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More than 4,000 coronavirus patients are on a ventilator – a new record

Written by on 23/01/2021

The UK has hit another milestone in the COVID-19 pandemic, with the number of patients on a ventilator passing 4,000 for the first time.

A total of 4,076 COVID-19 patients are using a ventilator in the UK, according to government data.

The number of people using a ventilator in UK hospitals is now higher than it was at the first peak of the outbreak in spring last year.

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Patients on ventilators are generally among those suffering from the most severe symptoms of coronavirus.

The record rise in the number of ventilator beds being filled comes as the UK recorded another 1,348 coronavirus-related deaths on Saturday, bringing the total to 97,329.

However, the seven-day rolling average on positive tests shows that infections are now falling, which suggests that lockdown may be having an effect on case rates.

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It is expected that hospitalisations will continue to rise into next week, despite the fall in infections, due to a lag in the amount of time it takes for someone to be admitted with the virus.

As of Friday, more than 5.8 million Britons have had at least the first dose of a COVID-19 vaccine since the start of the rollout last month, with scientists and medics hoping that by giving jabs to the priority groups, hospitalisations and deaths will fall to manageable levels.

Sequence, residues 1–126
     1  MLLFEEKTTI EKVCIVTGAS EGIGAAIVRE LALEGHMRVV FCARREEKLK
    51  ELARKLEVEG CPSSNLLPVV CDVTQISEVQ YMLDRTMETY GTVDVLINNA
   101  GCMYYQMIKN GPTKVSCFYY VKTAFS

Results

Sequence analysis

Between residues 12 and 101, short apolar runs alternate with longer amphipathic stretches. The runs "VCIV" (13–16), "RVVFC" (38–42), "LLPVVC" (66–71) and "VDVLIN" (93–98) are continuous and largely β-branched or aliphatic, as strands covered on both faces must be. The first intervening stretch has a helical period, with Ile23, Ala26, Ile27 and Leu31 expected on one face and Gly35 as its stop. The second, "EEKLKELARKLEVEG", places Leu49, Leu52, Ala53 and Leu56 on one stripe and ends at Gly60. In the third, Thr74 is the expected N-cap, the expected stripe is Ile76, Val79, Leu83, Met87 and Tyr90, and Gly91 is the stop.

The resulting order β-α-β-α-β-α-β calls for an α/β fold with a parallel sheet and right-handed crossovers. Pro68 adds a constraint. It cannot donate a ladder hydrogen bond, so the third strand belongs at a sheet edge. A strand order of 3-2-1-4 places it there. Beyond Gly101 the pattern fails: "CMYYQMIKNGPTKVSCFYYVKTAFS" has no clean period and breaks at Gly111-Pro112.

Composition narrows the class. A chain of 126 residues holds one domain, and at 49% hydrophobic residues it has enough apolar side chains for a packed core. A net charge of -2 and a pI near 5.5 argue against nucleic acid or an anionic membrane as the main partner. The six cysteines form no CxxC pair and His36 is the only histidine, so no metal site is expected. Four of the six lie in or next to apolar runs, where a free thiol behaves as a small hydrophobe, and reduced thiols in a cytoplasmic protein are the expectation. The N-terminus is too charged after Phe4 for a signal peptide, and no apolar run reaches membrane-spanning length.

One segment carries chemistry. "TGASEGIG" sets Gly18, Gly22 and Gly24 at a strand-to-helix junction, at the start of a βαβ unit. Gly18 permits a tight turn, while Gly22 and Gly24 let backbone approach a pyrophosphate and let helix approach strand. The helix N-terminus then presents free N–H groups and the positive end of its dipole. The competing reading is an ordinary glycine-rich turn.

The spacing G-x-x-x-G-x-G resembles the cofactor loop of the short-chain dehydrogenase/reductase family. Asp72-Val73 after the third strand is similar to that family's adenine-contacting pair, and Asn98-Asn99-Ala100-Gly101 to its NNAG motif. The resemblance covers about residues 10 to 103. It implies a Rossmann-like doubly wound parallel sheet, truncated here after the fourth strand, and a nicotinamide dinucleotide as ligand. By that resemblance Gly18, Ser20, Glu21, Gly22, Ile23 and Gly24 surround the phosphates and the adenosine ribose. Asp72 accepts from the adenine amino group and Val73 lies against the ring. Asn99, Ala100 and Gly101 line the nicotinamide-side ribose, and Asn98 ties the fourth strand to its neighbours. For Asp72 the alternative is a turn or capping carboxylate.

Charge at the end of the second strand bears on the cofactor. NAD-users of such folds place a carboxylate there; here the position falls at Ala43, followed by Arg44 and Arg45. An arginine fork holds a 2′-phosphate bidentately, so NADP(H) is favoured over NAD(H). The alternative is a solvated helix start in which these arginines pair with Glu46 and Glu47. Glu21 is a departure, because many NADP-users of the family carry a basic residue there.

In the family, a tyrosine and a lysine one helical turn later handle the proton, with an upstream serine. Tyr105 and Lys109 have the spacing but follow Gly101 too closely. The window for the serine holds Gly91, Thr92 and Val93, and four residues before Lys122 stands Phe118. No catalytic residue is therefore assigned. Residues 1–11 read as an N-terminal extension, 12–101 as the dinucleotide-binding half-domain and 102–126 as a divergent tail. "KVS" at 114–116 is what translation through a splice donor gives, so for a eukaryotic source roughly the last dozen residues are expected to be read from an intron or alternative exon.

However, senior doctors have called on England’s chief medical officer to halve the gap between the first and second doses of the Pfizer coronavirus vaccine.

The British Medical Association (BMA) said the gap between doses being given to patients should be cut from 12 weeks to six.

Professor Chris Whitty, the chief medical officer, defended the move, telling a Downing Street news conference on Friday: “By extending the time, we’re allowing many more people to be vaccinated.”

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He said that the first dose gives the main bulk of the protection, but the exact number differs by vaccine.

“In both cases, we think the great majority of protection is given by the first vaccine,” he said, adding: “It lasts for a reasonable period of time.”

 Sky News

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